Astigmatism And Contacts

Is It True That I Can Wear Soft Contacts Even If I Have An Astigmatism?

It increasingly seems like the world is changing faster than we can keep up. Cars are driving themselves, nano robots are delivering chemotherapy to specific sites in the body and Elon Musk believes his hyperloop transport system will soon allow us to travel from New York City to Washington DC in about 30 minutes. But, amazing things have happened in other areas, too. As life-changing as never again having to battle the traffic in the I-95 corridor may seem to many of us, for those with an astigmatism, the ability to have their vision comfortably corrected with contact lenses is equally exciting. This was not always the case.

For a long time, those with an astigmatism were told that if the condition was not overly severe, hard or rigid contacts lenses might work. Many, however, were told that they simply were not good candidates for any type of contact lenses other than glasses. The problem has always been the shape of the cornea, which is the outer layer of the eye. The primary function of the cornea is to refract, meaning bend light. To borrow from a sports reference, a normal eyeball is totally round, like a basketball. Most people have a certain amount of irregularity in the shape of their eyes, which is called an astigmatism, but it is not usually enough to affect vision. When the irregularity is more pronounced, the shape becoming closer to a football than a basketball, the cornea is therefore unable to properly focus the light onto the retina.

Causes And Symptoms Of Astigmatism

When you were growing up, did your parents often scold you for reading in dim light and tell you that you were going to permanently damage your eyes? This is not true. You may cause your eyes to fatigue more easily if you do not have sufficient light, but the idea that there will be lasting damage has been long proven a myth. The same was sometimes thought with regard to having an astigmatism; that you could develop it from not having enough light when reading or sitting too close to the television. This is also not true. No one really knows exactly what does cause someone to have an astigmatism. Most are simply born with it, while some cases may result from a disease or injury to the eye.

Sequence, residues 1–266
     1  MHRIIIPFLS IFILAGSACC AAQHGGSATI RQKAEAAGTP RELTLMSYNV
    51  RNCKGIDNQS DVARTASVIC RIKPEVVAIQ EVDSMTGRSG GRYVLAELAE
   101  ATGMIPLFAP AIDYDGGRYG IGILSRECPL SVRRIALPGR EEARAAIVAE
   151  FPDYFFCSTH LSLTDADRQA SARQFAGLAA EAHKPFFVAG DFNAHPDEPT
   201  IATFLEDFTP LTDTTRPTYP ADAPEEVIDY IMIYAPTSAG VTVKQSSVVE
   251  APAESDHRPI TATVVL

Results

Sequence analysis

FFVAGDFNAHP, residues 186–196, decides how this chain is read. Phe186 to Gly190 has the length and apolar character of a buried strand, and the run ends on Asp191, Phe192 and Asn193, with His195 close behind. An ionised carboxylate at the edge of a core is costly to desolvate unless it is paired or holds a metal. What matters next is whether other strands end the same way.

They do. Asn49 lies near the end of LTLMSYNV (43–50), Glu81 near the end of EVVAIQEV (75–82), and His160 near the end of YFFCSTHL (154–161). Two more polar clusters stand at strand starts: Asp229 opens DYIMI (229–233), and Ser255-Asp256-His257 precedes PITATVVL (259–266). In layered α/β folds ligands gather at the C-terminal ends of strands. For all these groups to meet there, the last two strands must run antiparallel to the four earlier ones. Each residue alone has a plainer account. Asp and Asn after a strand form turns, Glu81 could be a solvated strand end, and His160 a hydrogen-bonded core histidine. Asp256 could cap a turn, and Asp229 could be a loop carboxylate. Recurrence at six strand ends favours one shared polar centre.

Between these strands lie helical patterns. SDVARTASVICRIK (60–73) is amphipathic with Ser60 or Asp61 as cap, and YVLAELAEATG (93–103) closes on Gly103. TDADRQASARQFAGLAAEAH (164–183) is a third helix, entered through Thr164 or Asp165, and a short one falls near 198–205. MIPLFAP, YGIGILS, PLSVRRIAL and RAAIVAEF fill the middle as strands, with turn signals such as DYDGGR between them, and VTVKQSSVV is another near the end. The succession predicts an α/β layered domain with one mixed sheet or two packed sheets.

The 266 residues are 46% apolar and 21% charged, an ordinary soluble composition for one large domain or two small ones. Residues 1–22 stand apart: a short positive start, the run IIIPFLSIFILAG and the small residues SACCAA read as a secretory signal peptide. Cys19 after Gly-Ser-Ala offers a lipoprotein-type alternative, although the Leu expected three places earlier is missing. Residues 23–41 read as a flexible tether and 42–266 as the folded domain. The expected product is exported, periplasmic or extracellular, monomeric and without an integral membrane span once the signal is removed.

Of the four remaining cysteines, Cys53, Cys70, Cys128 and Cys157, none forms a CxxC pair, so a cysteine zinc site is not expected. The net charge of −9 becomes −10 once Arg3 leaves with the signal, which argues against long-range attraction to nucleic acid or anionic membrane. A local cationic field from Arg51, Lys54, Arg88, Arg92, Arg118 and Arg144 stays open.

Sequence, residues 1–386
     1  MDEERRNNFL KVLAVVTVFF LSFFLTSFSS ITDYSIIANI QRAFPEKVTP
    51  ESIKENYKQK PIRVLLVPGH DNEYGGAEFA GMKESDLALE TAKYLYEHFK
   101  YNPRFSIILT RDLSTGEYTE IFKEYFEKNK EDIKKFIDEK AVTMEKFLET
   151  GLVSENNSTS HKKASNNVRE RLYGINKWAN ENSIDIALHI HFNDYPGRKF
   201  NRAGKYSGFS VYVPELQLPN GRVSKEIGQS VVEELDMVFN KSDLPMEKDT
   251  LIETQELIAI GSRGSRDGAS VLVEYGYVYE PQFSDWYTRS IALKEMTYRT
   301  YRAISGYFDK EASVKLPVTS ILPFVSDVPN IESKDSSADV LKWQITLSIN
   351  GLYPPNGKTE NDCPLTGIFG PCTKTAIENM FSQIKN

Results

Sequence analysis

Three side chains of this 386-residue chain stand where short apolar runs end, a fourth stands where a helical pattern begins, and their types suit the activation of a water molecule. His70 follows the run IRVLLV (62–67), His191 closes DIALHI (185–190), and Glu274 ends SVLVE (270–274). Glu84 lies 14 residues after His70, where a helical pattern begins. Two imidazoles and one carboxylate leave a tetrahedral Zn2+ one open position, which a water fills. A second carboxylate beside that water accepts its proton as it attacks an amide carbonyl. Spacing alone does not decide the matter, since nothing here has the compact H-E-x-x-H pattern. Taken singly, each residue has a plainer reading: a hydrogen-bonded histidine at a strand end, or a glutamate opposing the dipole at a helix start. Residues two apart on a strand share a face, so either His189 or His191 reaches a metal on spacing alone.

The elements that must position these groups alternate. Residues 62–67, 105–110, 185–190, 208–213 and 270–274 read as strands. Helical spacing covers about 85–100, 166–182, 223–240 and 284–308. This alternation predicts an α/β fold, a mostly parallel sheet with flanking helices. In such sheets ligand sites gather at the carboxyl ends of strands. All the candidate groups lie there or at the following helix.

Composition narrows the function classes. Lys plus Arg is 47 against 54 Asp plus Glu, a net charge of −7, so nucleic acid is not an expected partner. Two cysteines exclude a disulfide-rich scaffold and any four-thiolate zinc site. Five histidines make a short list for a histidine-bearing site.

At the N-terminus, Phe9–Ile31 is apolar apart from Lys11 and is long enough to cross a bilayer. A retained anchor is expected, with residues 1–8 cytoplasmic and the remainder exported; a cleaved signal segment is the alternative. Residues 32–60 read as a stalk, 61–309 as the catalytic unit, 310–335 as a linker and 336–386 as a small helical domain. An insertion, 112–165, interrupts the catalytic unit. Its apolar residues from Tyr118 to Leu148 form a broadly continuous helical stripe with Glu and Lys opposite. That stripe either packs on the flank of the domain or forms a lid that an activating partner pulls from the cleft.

How can you tell if you have an astigmatism? The best way, of course, is to make sure you have regular, yearly check-ups with your eye care professional. There are, however, signs to be aware of. Some of the most common ones include:

Correcting for myopia (nearsightedness) or hyperopia (farsightedness) becomes more problematic when there is a significant amount of astigmatism present. Eye glasses have always been able to make the correction, as did contacts that were sufficiently rigid. Unfortunately, for many the rigid lenses were never very comfortable, and the original soft lenses were not able to adequately correct the astigmatism. The good news is that has changed. Toric lenses, which are weighted to maintain proper lens rotation, as well as newer types of soft lenses are now being successfully prescribed for those with varying levels of astigmatism.

If you would like to learn more about treatments for astigmatism or any vision-related issue, Long Island Ophthalmic Concepts is ready to provide high-quality, comprehensive care in our four convenient Long Island office locations. For more information, or if you have other questions or comments, please call the office most convenient to you, Bellmore, Great Neck, Little Neck or Huntington. If you would like to schedule an appointment, simply click here to go to our online scheduler.

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